Self and Surrender in Ruth: portraits for the end times
In Ruth 1:5 we're introduced to two women from the ancient country of Moab-Orpah and Ruth. They are headed to Bethlehem with their Israelite mother-in-law. In verse v 8 Naomi advises her beloved daughters-in-law to return to their homeland. Both women have a deep affection for Naomi, so they both express a desire to go with her back to Bethlehem. Then Naomi tells Orpah and Ruth that there are no men in Bethlehem to become their husbands. At this time, both women know they have nothing to gain and a lot to lose in Bethlehem. v 14 states." Orpah kissed her mother-in-law, but Ruth clave to her" (KJV). Orpah chooses self and the world. After this verse, her name disappears from the biblical record What does Ruth choose? Naomi, it appears. As remarkable as the choice of a destitute old woman's companionship over a future husband may be, v 17 reveals something beyond a strong human bond behind this decision. "She says... thy God shall be my God." In chapter 2, her boss, Boaz describes her as coming to God. Chapters three and four of Ruth provide a context for a similar choice. This time two men are center stage-Boaz and an unidentified man.
Somehow Naomi knows that Boaz has fallen for Ruth. According to the instructions God sets out in Deuteronomy 25 for the care of childless widows, the first move so to speak is Ruth's. Although Boaz is delighted that Ruth desires to marry him, he says, "... there is a kinsman nearer than I…" (Rth. 3:12, KJV). This statement means that the other kinsman has the first responsibility to marry Ruth according to God's a plan in Deuteronomy 25. What would possess a man to risk a happy future with the woman he loves? Although chapter 2:1 of Ruth reveals Boaz as a man of wealth, the whole of the chapter depicts him as a man of godly character. True to form, he leaves his desire to marry Ruth in God's hands. So he goes to meet the kinsman of whom he spoke. What does this man do? He's more than happy to take some land. But marriage might ruin his "own inheritance" (Rth. 4:6,KJV). With these words the other kinsman chooses self and world. Bible students forever know him strictly as "such a one"(v. 2) This omission is similar to Orpah's disappearance from the biblical record after Ruth 1:14. The kinsman and Orpah may have gotten what they wanted. But they lost something better. The kinsman lost a marriage to one of the best women in Bethlehem and being part of the lineage of Jesus (see Matt. 1:6). However, Orpah not only lost the privilege of being in the Savior's earthly lineage but walked away from God entirely (see Rth 1:15).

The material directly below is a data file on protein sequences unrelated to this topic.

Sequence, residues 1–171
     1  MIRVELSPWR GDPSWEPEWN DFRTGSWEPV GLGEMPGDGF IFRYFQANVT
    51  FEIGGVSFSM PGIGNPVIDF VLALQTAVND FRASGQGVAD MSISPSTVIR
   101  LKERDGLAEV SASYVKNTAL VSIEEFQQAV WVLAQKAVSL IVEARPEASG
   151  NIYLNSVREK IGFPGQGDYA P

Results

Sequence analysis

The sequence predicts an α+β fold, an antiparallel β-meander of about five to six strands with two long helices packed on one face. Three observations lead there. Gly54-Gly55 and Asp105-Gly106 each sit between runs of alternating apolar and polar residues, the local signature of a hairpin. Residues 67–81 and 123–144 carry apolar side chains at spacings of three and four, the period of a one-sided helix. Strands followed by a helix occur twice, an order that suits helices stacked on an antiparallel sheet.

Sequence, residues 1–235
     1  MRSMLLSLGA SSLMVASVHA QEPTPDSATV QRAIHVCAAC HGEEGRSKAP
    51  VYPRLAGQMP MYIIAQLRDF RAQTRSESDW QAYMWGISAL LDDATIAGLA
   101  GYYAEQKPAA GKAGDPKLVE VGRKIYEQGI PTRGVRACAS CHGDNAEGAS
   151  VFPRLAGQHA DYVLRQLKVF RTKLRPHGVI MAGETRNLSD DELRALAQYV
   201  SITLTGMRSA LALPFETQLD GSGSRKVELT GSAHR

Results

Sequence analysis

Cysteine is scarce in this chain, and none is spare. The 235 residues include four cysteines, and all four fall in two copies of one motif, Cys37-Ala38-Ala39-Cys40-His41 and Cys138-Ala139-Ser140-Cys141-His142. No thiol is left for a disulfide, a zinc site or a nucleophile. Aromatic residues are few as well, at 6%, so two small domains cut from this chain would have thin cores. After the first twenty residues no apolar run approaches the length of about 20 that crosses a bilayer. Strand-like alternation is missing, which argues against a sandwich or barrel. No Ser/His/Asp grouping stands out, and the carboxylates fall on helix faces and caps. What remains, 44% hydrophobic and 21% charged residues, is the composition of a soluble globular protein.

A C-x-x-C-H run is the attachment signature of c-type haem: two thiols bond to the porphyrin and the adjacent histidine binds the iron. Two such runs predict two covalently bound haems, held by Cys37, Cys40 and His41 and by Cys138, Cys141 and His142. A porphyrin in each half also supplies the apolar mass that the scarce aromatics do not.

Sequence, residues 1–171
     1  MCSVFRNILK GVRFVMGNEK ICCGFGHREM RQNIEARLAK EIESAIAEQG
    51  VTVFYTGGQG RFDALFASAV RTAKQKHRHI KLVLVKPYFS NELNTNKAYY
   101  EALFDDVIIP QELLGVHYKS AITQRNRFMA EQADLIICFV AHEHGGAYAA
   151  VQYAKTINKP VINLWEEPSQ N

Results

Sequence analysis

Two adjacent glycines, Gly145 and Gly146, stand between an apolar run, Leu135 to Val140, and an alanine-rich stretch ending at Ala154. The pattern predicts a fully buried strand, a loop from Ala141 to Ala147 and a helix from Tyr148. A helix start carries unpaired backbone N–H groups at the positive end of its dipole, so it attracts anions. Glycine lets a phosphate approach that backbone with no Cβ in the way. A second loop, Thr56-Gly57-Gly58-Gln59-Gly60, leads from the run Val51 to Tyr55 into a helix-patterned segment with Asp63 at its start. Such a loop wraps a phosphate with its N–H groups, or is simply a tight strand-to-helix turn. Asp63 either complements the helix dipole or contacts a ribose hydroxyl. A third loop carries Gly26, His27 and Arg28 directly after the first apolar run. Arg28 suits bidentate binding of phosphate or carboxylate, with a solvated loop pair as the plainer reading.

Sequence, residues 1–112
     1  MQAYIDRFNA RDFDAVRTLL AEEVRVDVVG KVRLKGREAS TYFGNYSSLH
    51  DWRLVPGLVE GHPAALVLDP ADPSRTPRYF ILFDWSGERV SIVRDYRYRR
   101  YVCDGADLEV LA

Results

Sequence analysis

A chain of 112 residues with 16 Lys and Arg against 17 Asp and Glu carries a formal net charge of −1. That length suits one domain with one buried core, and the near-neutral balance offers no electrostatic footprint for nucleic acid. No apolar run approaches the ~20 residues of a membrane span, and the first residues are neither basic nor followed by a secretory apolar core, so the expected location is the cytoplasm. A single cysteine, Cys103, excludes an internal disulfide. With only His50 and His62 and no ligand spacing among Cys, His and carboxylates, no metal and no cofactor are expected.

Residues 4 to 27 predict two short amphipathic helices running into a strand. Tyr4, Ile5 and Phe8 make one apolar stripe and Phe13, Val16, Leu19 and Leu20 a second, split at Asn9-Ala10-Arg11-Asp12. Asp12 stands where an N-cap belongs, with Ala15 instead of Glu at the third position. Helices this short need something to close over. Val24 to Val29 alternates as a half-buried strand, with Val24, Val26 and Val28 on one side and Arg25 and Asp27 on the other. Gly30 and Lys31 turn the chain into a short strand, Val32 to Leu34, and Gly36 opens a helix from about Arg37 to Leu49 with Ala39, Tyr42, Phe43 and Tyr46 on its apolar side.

So what does this ancient story have to teach us who live in the last days? Those who choose self and the world may have fine lives. But they may miss out on a life that looks better even from an earthly perspective. During the time of trouble, those that rely on God will be protected and provided for. Those who have chosen self will get no benefit. More importantly just as Orpah and the kinsman disappear from the book of Ruth those who choose self and the world will be blotted out from the book of life (see Rev. 3:5). So will we surrender ourselves and our dreams to Jesus Christ even if that surrender means potentially giving up something really good from a worldly perspective to go with Jesus, knowing that God will bless us with the person or thing if it is for our ultimate good and His glory? To follow Christ, we're commanded "deny ourselves to take up our cross daily and follow ..." (Lk. 9:23, KJV). Remember "... No good thing will he withhold from those who walk uprightly (Ps. 84:11,KJV).
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